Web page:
WHETHER Christian or another religion, or none, the Church has been in the news recently — and, for a change,
WHETHER Christian or another religion, or none, the Church has been in the news recently — and, for a change, not with the unsavoury dealings of some clergy and ministers.
Most recently there has been the news that Pope Benedict XVI is to retire.
Some commentators who should know better have made exaggerated statements about the significance of a papal retirement, but it is nevertheless the first time this has happened voluntarily for more than six centuries.
The Holy Father is to move to the quietness of a convent within Vatican City.
Within the Church of England (where retirement is a mere change of title and certainly does not stop the use of the vocal chords!) a new archbishop has been confirmed.
This man has been a bishop for less than a year and had been an executive in the oil industry (perhaps the College of Cardinals in Rome should beware of what they wish and pray for in the candidates for election as the next Pontiff).
Archbishop Justin Welby has taken on a seemingly impossible task — to reunite a deeply divided church in the midst of arguments about women bishops, gay marriage and so on.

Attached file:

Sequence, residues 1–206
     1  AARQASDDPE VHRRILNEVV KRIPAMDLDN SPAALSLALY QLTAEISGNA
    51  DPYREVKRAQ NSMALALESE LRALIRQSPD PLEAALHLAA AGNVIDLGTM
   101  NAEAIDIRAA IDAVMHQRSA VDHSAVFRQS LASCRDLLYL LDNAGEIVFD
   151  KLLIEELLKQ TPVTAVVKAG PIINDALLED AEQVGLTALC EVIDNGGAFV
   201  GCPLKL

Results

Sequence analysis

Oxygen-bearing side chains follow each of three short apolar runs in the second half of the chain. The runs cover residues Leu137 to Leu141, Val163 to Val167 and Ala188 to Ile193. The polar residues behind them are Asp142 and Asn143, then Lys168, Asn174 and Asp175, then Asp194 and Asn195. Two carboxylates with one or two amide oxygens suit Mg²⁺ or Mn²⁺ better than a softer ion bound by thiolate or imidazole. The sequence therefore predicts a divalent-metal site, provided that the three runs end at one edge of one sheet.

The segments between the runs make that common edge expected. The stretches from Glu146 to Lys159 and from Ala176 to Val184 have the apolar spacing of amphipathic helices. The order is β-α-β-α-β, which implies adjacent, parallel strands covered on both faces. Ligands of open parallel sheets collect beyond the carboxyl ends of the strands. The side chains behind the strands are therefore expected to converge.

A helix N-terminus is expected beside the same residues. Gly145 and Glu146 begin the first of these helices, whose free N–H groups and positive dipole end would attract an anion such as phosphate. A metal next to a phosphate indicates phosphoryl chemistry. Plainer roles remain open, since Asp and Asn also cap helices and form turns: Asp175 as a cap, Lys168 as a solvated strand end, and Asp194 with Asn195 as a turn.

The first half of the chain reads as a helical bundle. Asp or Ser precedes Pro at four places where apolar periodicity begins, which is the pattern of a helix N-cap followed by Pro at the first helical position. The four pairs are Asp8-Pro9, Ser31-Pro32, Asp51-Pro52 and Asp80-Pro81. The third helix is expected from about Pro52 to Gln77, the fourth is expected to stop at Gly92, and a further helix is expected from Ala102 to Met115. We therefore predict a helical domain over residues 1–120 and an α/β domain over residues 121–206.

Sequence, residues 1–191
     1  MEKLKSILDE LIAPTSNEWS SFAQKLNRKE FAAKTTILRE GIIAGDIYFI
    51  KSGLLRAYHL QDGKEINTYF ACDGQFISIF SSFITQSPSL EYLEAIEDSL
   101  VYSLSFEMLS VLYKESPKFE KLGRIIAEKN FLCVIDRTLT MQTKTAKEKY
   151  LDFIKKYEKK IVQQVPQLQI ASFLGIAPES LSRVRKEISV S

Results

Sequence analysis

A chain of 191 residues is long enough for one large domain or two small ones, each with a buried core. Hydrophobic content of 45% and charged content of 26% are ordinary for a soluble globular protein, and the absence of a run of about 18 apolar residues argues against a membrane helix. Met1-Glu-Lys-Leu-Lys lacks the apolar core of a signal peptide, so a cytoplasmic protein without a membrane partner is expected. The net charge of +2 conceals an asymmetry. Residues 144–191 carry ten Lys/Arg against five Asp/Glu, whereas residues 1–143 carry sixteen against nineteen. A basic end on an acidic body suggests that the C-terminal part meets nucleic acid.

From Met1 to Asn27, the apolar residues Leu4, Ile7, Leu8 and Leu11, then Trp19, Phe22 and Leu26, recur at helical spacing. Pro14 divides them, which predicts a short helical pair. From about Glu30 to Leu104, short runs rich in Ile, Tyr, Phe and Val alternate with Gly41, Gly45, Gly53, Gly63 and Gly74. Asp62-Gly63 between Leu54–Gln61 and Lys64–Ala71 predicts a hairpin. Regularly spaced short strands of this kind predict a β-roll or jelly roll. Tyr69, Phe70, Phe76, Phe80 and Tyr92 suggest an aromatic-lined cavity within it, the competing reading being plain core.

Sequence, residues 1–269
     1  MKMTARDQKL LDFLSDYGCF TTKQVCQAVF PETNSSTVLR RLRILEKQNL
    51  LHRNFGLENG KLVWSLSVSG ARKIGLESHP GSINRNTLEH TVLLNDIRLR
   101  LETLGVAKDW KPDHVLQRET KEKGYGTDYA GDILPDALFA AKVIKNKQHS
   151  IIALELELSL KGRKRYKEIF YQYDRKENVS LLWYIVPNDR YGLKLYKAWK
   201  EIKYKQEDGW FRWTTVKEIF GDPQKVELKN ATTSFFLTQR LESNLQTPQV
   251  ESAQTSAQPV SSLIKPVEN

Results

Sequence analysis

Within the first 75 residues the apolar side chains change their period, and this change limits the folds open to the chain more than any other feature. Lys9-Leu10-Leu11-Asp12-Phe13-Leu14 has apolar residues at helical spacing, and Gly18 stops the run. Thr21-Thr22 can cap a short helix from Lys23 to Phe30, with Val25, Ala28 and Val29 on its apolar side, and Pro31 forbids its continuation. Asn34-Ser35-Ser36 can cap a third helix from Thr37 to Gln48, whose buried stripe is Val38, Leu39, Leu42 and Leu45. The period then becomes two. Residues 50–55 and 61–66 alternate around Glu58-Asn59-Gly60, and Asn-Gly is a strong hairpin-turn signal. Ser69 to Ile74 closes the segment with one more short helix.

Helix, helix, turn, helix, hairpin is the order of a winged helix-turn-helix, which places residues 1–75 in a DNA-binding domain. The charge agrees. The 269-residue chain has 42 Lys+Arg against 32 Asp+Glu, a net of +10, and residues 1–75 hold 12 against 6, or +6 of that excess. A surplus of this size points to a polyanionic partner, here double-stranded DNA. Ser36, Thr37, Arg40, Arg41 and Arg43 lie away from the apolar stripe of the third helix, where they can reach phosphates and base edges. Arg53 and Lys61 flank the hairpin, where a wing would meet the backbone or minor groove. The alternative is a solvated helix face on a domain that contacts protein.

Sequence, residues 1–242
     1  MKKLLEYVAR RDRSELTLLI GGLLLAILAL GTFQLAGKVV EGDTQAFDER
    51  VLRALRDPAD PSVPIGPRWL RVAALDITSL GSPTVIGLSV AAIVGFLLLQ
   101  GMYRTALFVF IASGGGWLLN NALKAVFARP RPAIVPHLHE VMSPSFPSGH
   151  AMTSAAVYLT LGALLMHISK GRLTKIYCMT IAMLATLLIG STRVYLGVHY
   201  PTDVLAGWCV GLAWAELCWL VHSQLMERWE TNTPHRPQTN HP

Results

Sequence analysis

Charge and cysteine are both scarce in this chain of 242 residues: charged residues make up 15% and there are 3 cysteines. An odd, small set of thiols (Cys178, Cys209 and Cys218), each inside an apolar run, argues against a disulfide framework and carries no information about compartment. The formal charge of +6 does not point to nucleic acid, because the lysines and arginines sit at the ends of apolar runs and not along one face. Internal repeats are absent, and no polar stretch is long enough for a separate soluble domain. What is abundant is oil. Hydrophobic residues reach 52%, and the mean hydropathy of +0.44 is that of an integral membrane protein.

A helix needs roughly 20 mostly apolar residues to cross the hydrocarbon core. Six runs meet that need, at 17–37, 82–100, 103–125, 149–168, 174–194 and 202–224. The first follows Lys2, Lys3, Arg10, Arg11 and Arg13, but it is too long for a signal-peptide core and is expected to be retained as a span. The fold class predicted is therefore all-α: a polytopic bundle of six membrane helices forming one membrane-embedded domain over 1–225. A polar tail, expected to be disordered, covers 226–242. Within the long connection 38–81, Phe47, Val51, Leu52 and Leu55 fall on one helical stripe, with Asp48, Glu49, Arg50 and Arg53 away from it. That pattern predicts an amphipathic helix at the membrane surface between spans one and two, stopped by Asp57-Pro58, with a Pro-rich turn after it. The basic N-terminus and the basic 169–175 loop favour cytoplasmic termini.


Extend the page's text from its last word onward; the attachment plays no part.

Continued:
In the meantime, our Members of Parliament have had their first say on one of the most divisive issues in our nation’s social consciousness — and have at the same time completely ignored what the Established church has had to say.
But then why should they take notice of anything the Church of England says (I’m not sure whether Parliament has any competence to legislate for the Church in Wales as it was disestablished from the State in the early 20th century but no doubt someone will put me to rights at some time)?
And now, this week, we have started the season of Lent.
You might not even have noticed the commencement of this wonderful time in the Church’s year, the six weeks which reflect the 40 days of preparation Jesus spent in the wilderness before he began his public ministry and now lead us into the terrifying events of Good Friday and the glory and joy of the resurrection.
The news may suggest that the Church is inward-looking and only concerned with its own existence and continuance.
The reality is far from this — the Church exists to help us all prepare for the wonder and awe of eternal life, life lived in love.
Amid the awfulness of the news, the Church should be, and is, concerned with the awesomeness of the love of God, shown in the life, death and resurrection of Jesus.
This Lent, try to find the love of your God in the life of Christ and enjoy the 40 days — no, a whole life long, of preparation for glory.